The meeting was hosted by the Ministry of Forestry in collaboration with the World Food Programme (WFP) under the Improving Adaptive Capacity of Vulnerable and Food Insecure Population (IACOV) project in Lesotho at a capacitation workshop in the district this week. Rammolenyana Lethaha from the Lesotho Meteorological Services warned the farmers to expect heavy rainfalls this season. They were advised to pay attention to weather warnings so that they can make informed decisions on what to plant and when to shear their livestock.

The farmers appreciated information shared on the issues of climate change but stated that despite the knowledge, they still lose a lot of their products to extreme weather conditions. Lesotho is one of the least developed countries in southern Africa with a precarious food security balance. Almost all of its main staple maize is produced within a single climatic region of southern Africa – 30 percent domestically and 70 percent imported from neighbouring South Africa.

In 2007, a severe drought in both Lesotho and South Africa upset this shaky situation triggering a dramatic drop in crop yields and a steep spike in food prices. The situation has worsened in the past three years which has seen the country experiencing heavy rainfalls that led to a similarly dramatic drop in crop production. However, Lesotho is hands-on in addressing the impact of climate change, rehabilitating its land and capacitating its people to ensure that they are resilient.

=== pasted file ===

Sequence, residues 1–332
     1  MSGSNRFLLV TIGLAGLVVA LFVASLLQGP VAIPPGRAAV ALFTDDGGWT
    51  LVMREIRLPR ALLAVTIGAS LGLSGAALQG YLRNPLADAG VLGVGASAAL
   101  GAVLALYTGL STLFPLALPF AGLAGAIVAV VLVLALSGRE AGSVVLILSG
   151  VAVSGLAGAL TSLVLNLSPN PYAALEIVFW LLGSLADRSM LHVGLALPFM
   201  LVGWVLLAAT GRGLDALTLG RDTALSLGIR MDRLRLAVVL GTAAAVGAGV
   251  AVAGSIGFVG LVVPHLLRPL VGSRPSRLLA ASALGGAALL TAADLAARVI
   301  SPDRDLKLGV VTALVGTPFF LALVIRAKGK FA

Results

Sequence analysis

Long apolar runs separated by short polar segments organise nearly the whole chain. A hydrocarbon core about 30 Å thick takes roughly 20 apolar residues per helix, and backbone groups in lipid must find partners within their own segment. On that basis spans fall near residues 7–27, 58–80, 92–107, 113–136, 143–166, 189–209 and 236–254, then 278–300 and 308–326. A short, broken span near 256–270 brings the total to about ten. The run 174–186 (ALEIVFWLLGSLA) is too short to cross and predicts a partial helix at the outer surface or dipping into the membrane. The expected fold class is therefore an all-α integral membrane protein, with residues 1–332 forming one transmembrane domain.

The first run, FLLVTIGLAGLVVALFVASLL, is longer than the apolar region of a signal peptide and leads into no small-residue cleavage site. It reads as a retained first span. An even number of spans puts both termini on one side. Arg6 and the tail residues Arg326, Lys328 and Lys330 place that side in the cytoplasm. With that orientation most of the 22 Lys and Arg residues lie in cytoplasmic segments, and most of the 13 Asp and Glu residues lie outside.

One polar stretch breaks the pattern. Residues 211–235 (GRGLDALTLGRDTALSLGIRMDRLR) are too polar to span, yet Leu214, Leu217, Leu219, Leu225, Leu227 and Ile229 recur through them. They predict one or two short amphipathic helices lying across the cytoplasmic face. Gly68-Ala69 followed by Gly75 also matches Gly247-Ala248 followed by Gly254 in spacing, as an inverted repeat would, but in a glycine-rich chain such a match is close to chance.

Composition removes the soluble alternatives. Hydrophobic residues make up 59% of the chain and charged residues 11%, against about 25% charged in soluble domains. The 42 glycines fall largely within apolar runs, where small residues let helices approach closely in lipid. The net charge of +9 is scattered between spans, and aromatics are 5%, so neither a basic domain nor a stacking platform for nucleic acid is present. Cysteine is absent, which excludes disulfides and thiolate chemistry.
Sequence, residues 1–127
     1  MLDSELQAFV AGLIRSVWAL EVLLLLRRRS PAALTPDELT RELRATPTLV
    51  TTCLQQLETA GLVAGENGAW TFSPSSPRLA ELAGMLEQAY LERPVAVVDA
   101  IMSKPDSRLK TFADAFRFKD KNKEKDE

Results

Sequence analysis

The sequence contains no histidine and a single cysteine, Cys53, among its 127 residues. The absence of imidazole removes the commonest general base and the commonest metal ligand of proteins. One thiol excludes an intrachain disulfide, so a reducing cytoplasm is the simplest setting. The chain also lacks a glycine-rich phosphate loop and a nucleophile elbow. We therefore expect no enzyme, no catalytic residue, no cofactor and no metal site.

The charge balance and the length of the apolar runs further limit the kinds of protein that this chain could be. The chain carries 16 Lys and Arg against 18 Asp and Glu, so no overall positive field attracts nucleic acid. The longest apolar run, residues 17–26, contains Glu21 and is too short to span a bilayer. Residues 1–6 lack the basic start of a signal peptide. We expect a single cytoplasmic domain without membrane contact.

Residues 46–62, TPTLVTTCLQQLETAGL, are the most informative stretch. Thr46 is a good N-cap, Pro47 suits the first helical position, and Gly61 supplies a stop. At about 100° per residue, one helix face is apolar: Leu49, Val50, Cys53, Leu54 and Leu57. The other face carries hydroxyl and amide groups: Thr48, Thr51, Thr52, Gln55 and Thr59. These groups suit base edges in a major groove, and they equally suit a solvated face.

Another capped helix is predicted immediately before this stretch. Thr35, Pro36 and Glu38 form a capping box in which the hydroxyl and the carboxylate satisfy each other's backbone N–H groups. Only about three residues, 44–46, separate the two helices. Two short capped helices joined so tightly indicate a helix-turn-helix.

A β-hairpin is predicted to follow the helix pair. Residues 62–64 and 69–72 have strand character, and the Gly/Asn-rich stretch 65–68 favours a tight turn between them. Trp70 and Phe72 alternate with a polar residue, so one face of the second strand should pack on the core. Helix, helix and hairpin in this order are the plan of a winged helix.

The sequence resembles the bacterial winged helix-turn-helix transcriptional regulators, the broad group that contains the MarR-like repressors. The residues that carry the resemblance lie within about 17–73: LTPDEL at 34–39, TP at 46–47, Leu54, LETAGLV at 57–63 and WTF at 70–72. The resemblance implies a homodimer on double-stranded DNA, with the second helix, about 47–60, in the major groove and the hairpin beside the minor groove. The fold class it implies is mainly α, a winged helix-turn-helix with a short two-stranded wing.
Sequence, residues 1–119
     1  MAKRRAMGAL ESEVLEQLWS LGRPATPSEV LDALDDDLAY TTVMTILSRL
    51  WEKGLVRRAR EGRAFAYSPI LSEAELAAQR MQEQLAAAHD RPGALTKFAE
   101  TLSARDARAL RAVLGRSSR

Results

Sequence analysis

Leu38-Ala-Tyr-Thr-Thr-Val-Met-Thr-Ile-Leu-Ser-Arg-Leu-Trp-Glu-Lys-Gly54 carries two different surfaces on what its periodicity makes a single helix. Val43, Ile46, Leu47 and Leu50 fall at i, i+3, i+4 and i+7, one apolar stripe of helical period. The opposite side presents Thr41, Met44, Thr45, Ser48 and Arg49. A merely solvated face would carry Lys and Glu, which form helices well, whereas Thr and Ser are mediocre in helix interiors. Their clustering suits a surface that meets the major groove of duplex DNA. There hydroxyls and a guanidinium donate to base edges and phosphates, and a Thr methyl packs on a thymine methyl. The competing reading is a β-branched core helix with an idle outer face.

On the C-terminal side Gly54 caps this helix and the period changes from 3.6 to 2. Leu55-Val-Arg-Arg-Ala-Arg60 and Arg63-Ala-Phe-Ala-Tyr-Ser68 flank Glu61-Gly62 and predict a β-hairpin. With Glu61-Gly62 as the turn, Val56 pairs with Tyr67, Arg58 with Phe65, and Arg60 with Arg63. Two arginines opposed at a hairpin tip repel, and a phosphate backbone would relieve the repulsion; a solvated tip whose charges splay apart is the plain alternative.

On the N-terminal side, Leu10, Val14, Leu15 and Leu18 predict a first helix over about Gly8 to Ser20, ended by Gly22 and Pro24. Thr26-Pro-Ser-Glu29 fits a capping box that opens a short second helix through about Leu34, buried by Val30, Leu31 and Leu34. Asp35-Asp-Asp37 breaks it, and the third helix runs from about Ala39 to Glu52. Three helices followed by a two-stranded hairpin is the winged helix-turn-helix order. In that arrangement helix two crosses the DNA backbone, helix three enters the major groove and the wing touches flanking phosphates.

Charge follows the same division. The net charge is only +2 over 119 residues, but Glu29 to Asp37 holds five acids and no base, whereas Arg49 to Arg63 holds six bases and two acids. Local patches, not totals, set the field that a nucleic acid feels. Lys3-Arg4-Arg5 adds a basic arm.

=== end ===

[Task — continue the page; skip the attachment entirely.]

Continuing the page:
The country, which is experiencing severe land degradation and food insecurity, has been implementing sustainable projects on land rehabilitation and food production that not only help restore its natural resources, including water and grass, but also ensures that communities are able to produce their own food for consumption and commercial purposes, despite extreme weather conditions. The efforts are in line with a call from the Heads of State and Government meeting at the United Nations’ global conference on land that the international community takes urgent action to stem the loss of lives and livelihoods that communities all over the world are experiencing due to the increasing and devastating impact of desertification, land degradation and drought.

These efforts are pushed with the help of the four-year IACOV project, financially supported by the Adaptive Fund to the tune of M150 million. The project is executed by the Lesotho government through its Ministry of Forestry, Range and Soil Conservation and the LMS – and implemented by the WFP. The project seeks to address the barriers to climate change adaptation by strengthening capacity of the government on early warning signs while ensuring that optimal knowledge and utilisation of climate information are tailored to community needs.